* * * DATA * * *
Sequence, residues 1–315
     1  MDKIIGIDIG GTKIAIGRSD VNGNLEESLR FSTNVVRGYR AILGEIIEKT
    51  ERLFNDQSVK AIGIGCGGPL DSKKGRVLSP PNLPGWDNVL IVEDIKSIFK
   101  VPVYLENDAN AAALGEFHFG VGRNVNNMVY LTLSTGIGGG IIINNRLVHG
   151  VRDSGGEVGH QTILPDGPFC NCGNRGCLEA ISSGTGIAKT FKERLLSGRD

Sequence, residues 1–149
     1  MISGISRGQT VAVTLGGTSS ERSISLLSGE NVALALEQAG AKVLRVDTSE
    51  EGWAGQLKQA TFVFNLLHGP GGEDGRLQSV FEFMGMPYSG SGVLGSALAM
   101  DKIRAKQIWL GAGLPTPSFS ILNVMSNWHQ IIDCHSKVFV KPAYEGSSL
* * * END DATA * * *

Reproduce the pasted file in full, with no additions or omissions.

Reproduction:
Sequence, residues 1–315
     1  MDKIIGIDIG GTKIAIGRSD VNGNLEESLR FSTNVVRGYR AILGEIIEKT
    51  ERLFNDQSVK AIGIGCGGPL DSKKGRVLSP PNLPGWDNVL IVEDIKSIFK
   101  VPVYLENDAN AAALGEFHFG VGRNVNNMVY LTLSTGIGGG IIINNRLVHG
   151  VRDSGGEVGH QTILPDGPFC NCGNRGCLEA ISSGTGIAKT FKERLLSGRD

Sequence, residues 1–149
     1  MISGISRGQT VAVTLGGTSS ERSISLLSGE NVALALEQAG AKVLRVDTSE
    51  EGWAGQLKQA TFVFNLLHGP GGEDGRLQSV FEFMGMPYSG SGVLGSALAM
   101  DKIRAKQIWL GAGLPTPSFS ILNVMSNWHQ IIDCHSKVFV KPAYEGSSL